“Bothwa,” I smiled, “I offer this woman, Sara Abate, as a sacrifice to you as a sign of my devotion and gratitude for all that you have done for me.”
“Oh!” Sara cried as the black candles around her flared into flaming columns. She struggled to sit up, but Bothwa was already on her. I watched with detached fascination as the deity toyed with Sara. Her pale eyes grew wide with terror and I wondered in passing if she could actually see him.
Sara lasted longer than most and it looked, for a moment, as if Bothwa was trying to possess her. A tinge of fear rippled through my gut. I’d never dealt with an embodied god before.
“Ahh!” Sara gurgled and curled into the fetal position. The sharp tang of blood wafted into my nose while the candles dissolved into puddles that dripped onto the floor.
“I thank you for accepting this offering,” I said. Slowly, the cold subsided and I could sense Bothwa was pleased. I turned to Keisha, who looked like she’d shit her pants several times. “Call 911”
“What?’ Keisha asked, her eyes wide and glassy.
“Call 911,” I repeated, “I think she had a seizure.”
“Yeah, um ok,” Keisha said catching on. Her trembling hand groped for the doorknob, but her eyes were still on Sara’s crumpled body.
The paramedics arrived quickly followed by the police and then the detectives. They moved uneasily in and out of my ceremony room as if they were not sure what they were seeing was real.
“So she came to you for a spell to get a job?” the lead detective asked for the fifth time. His voice was just as skeptical as it had been the first time he asked the question. I nodded and kept up my mask of concern. “And she didn’t tell you she had seizures?’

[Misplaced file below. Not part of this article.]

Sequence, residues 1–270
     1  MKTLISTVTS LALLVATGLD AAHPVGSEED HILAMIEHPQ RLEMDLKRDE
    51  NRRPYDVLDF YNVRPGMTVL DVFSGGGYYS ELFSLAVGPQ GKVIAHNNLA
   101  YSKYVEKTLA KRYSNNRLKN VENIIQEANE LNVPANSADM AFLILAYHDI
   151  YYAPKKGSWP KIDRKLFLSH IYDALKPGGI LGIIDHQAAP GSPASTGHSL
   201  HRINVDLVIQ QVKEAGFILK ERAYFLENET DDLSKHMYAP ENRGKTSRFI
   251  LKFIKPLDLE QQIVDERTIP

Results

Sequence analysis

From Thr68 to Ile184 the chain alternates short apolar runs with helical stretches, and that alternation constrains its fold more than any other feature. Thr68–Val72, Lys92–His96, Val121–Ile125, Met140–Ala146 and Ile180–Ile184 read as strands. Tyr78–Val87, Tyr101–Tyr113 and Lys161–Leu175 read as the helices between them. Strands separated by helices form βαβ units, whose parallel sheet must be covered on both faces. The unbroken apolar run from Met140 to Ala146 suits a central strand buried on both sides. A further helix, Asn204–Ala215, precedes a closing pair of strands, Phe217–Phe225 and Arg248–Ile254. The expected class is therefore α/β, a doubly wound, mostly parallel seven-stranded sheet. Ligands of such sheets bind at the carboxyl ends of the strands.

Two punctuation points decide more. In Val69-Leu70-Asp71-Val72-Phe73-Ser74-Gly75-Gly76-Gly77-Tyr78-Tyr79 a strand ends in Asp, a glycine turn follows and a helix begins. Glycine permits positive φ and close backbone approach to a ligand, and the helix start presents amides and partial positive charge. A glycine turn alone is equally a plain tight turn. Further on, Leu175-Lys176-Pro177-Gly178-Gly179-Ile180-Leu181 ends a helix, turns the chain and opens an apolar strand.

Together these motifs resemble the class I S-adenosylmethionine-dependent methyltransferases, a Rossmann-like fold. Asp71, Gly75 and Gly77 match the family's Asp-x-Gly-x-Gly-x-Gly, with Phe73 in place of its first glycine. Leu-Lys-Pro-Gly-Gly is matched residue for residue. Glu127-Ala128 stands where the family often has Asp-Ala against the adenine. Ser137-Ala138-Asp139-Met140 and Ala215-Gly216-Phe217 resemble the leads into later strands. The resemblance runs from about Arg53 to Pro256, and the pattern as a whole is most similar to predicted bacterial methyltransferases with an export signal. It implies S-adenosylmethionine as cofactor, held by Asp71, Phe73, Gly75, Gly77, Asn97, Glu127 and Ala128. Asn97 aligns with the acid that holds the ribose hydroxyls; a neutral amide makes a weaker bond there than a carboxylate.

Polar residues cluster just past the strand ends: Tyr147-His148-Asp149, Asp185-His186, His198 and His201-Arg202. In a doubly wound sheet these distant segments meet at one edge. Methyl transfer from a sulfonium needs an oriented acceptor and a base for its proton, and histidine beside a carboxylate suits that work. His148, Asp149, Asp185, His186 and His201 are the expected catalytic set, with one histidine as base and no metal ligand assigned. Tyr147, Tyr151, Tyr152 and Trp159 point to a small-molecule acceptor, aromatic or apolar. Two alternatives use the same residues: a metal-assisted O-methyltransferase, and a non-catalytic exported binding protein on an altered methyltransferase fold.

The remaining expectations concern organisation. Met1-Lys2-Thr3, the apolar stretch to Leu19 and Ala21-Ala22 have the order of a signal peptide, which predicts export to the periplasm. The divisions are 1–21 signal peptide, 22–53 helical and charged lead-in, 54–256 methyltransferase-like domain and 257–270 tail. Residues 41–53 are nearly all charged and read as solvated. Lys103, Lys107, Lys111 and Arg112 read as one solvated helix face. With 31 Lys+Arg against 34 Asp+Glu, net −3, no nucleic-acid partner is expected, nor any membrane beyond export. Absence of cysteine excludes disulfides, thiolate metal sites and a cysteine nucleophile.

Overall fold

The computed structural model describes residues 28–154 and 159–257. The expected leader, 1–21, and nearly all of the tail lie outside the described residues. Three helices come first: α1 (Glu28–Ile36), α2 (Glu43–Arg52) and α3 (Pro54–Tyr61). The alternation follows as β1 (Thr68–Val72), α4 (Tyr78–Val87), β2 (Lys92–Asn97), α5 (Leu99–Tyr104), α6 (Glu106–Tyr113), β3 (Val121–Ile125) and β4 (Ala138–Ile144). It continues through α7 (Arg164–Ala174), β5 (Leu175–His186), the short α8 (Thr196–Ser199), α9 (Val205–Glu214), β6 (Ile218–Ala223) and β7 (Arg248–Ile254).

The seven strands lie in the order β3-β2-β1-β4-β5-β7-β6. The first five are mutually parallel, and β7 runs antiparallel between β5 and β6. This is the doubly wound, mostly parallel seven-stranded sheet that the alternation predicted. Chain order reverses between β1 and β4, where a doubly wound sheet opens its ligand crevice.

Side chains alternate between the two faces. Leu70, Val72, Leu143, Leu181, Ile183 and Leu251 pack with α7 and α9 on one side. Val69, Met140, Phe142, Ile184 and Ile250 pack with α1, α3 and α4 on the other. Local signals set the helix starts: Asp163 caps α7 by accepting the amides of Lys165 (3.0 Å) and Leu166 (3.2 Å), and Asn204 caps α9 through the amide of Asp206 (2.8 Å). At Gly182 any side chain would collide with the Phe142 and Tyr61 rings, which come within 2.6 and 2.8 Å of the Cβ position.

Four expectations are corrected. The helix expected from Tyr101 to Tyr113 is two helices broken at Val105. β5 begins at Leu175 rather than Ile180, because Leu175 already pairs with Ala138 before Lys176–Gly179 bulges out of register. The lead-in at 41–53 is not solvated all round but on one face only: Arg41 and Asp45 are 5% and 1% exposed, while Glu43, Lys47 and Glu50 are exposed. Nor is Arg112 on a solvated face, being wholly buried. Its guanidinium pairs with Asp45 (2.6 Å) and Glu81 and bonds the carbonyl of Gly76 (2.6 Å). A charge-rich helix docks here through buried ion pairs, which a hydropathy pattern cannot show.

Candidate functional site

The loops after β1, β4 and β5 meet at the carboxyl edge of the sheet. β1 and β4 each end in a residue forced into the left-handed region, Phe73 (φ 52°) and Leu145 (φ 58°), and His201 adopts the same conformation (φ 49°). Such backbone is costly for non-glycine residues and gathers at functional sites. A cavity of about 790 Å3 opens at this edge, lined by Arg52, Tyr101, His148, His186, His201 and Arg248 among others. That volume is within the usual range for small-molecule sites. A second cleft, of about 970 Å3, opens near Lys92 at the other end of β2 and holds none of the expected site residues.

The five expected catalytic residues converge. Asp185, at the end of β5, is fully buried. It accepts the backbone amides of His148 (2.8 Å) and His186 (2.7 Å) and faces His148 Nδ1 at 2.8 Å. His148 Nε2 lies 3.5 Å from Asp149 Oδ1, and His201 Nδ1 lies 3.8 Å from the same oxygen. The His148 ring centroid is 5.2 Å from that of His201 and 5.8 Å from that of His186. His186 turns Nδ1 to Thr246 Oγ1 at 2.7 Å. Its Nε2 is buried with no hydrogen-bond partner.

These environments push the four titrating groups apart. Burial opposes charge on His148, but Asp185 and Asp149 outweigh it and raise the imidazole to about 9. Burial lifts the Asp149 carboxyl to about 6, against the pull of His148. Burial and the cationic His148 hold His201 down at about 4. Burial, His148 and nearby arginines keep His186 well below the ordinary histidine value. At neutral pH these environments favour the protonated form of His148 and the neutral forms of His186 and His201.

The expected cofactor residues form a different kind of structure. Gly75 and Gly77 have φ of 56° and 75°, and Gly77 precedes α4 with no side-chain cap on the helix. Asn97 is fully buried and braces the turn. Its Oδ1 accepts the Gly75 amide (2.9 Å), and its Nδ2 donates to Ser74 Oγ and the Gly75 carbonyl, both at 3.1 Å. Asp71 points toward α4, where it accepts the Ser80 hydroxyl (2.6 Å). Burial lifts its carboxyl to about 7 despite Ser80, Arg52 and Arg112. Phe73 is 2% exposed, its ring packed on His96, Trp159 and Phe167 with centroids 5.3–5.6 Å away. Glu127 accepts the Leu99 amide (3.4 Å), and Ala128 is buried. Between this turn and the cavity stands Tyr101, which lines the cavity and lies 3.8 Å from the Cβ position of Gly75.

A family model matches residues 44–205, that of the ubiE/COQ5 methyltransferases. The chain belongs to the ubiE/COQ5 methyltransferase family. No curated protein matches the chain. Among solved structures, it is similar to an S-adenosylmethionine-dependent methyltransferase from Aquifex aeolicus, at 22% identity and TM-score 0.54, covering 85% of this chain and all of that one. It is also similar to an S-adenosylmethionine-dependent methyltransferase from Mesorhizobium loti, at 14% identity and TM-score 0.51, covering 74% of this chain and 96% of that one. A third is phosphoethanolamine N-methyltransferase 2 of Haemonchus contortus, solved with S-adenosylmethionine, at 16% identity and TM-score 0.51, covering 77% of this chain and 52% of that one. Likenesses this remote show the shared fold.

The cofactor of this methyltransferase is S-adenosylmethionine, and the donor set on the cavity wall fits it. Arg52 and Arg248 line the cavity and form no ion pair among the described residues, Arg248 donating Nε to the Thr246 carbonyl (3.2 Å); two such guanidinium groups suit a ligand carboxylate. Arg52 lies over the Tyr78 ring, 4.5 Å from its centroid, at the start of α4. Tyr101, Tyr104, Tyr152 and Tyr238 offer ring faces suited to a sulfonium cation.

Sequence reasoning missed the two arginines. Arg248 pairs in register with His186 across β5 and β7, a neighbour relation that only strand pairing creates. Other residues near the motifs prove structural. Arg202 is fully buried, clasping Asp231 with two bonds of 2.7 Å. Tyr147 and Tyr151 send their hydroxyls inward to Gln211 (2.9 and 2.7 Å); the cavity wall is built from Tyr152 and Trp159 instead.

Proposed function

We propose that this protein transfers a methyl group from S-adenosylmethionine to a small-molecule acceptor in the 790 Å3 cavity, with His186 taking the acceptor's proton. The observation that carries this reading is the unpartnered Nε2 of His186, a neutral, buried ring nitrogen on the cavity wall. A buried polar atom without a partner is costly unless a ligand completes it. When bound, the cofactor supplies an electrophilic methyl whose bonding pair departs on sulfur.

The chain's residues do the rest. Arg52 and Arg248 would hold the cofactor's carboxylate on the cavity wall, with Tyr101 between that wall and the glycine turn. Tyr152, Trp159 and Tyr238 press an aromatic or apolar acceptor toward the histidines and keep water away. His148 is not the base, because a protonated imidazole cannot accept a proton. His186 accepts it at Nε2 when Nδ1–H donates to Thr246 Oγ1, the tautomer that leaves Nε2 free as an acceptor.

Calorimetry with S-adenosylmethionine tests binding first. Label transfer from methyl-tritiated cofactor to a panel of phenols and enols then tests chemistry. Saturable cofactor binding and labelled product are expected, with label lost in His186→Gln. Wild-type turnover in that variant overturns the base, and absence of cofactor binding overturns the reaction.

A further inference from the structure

“Correct,” I furrowed my brow and placed a trembling hand over my mouth.
“And you sold her this service?”
“No,” I said, keeping my eyes down, “she was an old friend of mine from high school. I did it for her for free.”
“Mrs. Holden are you aware of the laws of our state?” another detective asked, fingering the cuffs dangling from his waist.
“Laws protect the customer’s money, but they cannot decide the customer’s faith,” I gave him a proud look and turned to Keisha.
“Those laws don’t apply, detective,” she countered, “nothing of value was exchanged for the service.”
The detective opened his mouth to speak again, but was silenced by a most unearthly screech. We all looked over at Sara . She had thrown off the paramedics and was trying to wriggle her way out of the gurney’s restraints. At first the noise coming at her mouth sounded like nonsense, but soon I realized she was speaking Spanish, backwards.
I jumped to my feet, my eyes riveted on Sara.
“We have to get out of here,” I whispered to Keisha.
“If she dies we’re taking you in, miss,” the second detective said gleefully. He mistook my fear for guilt.
“It’s standard procedure,” the lead detective stated. His voice was calm, but his green eyes moved frantically around the room, absorbing all of the details.
“Where are you going?” He asked, noticing our retreat.
“She is not safe,” I said, continuing to back out of the living area. At my words, Keisha turned and flat out ran for the ceremony room.
Suddenly, Sara stopped yelling and I ran for it, too.